Whilst I was researching The Golden Age of Murder, I corresponded with David Ian Chapman, who had been introduced to me by a mutual friend as someone very expert in the work of R. Austin Freeman, a crime writer admired by Dorothy L. Sayers, T.S. Eliot, and Raymond Chandler (and many others, but that's not a bad trio to start with...)
I've never met David, but the information he supplied me was very helpful. This included fascinating insight into Freeman's coded journal, extracts from which David allowed me to publish in the book. Our hope was that someone would come along and help to decipher it. This hasn't happened as yet - Freeman's code is tricky! But I live in hope.
Anyway, it's only recently that I've acquired a copy, inscribed by David, of his bibliography of Freeman and also his biography of another author he's very interested in, William Le Queux. Le Queux was a fascinating character and I am planning to devote a separate blog post to David's very enjoyable study of his extraordinary life.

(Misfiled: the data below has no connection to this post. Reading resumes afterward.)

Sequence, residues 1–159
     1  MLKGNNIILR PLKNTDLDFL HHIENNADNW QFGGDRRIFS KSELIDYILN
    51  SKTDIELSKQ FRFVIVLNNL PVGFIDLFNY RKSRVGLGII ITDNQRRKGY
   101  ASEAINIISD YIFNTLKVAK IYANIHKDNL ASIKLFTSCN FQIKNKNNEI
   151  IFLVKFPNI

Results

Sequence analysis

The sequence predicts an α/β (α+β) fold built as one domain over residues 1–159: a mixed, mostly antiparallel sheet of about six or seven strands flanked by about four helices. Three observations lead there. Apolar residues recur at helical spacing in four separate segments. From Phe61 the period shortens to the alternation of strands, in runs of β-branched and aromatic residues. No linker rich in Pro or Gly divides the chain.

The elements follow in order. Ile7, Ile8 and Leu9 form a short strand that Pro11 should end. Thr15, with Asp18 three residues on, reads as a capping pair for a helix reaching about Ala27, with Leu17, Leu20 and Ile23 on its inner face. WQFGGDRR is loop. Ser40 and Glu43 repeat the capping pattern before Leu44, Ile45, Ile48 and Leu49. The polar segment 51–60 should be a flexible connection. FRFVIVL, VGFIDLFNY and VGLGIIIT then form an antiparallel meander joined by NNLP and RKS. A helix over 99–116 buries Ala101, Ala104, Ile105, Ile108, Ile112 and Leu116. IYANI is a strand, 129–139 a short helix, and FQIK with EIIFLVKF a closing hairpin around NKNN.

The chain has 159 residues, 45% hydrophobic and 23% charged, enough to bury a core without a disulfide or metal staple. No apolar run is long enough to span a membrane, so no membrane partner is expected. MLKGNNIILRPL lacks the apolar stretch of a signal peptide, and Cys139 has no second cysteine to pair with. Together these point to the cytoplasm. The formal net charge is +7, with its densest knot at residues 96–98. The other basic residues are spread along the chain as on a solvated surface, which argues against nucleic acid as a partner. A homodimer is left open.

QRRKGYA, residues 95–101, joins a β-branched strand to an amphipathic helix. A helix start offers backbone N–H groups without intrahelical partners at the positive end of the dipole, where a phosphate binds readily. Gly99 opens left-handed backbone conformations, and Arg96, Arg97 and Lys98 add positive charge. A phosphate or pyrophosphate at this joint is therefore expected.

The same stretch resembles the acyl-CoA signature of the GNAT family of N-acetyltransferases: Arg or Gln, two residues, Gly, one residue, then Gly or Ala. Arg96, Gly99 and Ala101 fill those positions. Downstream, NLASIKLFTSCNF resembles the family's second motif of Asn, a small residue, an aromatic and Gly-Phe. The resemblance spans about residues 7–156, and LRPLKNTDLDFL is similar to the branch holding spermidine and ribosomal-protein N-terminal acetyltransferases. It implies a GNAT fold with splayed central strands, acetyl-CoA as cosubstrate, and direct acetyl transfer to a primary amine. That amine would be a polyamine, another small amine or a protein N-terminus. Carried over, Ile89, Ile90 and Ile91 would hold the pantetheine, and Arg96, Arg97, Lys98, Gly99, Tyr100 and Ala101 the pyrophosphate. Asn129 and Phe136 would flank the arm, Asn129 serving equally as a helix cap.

In the meantime, I've enjoyed the Freeman book, because I've collected a number of the author's novels and David discusses them, and their background, in fascinating depth. He also explains how he came to collect Freeman's work, and if you fancy collecting a crime writer, what he has to say will be of special interest. I'm in regular correspondence with a number of collectors in different parts of the world and my impression is that interest in the older detective stories is growing.
The lovely illustrations in Collecting Richard Austin Freeman, some of them in full colour, are in themselves a delight. If you're interested in Austin Freeman, do take a look at David's book. It was published two years ago by Highfield Press.